The Inspector, in excess of 75 per cent of all cases, sought to obtain more information about transactions which were known to be or appeared to be with associates. This reflects the traditional practice for tax queries with details being requested about the nature of specific items shown in the accounts.
Specific Intragroup Transactions
However a number of specific areas of interest can be identified. In 40 per cent of the letters, queries were directed at financing issues such as the appropriateness of the interest rate on intragroup debt, whether such a loan would have been made between non-associated parties and whether intragroup accounts were paid on a timely basis.
This focus on financing issues is to be expected given that Income and Corporation Taxes Act 1988, (ICTA 1988), s. 209(2)(da) which seeks to disallow a deduction for interest where a loan is not made on reasonable commercial terms, existed prior to the introduction of the transfer pricing regime. (It now co-exists with the transfer pricing regime.) Also it is probable that such enquiries are made by the Revenue because financing transactions are usually discrete and easy to identify, and perhaps because it regards the arguments about arm’s length pricing in such situations as fairly straightforward. In other words, low-lying fruit.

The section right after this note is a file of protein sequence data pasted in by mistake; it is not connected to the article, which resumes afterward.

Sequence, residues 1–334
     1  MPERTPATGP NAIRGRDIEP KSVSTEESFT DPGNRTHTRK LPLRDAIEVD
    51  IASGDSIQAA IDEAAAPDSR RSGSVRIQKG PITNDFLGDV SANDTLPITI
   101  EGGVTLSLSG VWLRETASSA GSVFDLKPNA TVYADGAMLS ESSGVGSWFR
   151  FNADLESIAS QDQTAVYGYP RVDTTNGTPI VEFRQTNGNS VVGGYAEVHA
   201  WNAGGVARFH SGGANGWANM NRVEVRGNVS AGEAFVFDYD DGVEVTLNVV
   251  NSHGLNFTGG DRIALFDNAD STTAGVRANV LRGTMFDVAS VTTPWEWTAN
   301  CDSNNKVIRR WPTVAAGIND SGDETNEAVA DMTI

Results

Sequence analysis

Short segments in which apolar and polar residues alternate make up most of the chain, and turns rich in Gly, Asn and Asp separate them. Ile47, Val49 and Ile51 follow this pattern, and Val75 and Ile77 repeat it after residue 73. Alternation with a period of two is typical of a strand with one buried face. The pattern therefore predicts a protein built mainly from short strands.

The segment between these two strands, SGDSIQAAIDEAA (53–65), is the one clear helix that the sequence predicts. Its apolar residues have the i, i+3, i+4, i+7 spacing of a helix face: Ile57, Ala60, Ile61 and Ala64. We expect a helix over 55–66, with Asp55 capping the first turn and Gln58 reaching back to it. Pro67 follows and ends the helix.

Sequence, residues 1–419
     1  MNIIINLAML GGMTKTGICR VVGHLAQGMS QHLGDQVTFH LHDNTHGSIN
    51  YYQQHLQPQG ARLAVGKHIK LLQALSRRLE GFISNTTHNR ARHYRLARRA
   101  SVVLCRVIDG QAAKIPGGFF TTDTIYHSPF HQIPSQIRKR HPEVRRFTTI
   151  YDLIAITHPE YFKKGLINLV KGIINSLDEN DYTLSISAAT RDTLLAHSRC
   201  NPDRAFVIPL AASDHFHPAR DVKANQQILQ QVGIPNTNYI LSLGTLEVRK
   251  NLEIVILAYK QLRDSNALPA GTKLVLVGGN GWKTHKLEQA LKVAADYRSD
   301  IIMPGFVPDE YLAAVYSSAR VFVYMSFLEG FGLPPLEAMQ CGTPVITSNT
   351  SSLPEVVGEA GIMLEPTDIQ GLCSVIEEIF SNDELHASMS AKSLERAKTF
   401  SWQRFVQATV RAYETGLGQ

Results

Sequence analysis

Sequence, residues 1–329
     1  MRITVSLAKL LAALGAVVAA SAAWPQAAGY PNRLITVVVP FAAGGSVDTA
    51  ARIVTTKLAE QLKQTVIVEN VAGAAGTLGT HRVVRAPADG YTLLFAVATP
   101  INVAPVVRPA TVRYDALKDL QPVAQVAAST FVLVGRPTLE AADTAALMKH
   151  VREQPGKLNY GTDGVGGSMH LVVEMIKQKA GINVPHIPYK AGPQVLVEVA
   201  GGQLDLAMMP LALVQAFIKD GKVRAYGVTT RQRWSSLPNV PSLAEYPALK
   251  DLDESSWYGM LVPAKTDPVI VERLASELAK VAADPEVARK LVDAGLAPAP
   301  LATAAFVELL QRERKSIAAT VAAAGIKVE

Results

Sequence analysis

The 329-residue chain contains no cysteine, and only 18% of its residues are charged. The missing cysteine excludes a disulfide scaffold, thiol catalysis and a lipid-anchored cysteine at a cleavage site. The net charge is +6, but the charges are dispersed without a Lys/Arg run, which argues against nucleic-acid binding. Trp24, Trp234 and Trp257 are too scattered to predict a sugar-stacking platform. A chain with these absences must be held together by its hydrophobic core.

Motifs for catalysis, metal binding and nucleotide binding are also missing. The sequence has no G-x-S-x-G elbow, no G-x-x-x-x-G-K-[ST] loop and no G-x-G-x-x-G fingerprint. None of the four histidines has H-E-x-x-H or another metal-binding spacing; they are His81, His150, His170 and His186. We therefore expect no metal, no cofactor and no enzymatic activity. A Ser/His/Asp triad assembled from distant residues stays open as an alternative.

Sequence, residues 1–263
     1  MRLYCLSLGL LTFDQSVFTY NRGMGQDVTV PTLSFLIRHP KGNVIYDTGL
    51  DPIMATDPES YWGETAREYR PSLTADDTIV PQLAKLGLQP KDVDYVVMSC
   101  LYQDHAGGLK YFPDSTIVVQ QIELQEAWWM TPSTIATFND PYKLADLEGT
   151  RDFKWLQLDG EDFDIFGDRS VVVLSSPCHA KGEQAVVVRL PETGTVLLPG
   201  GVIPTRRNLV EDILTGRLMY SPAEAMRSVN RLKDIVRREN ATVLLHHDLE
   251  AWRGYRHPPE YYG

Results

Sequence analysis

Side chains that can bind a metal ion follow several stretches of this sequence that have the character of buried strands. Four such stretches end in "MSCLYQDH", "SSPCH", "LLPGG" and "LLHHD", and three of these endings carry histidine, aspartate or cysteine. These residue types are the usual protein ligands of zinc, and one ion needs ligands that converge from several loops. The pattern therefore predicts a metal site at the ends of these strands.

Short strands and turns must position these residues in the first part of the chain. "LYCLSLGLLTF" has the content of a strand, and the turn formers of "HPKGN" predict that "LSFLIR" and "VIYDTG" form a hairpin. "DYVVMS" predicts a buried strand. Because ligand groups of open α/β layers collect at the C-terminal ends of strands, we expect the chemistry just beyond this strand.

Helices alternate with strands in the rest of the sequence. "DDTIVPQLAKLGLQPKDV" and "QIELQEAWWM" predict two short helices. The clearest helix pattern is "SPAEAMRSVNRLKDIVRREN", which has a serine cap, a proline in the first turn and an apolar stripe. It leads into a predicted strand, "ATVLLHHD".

An associated area of focus was the request, in 20 per cent of letters, for an analysis of debtors and creditors. Presumably this is used to make some assessment of credit terms and as a check that all material related-party transactions are identified and considered.
Other main areas of focus were sales and purchase transactions, and management and other consultancy services, including research and development.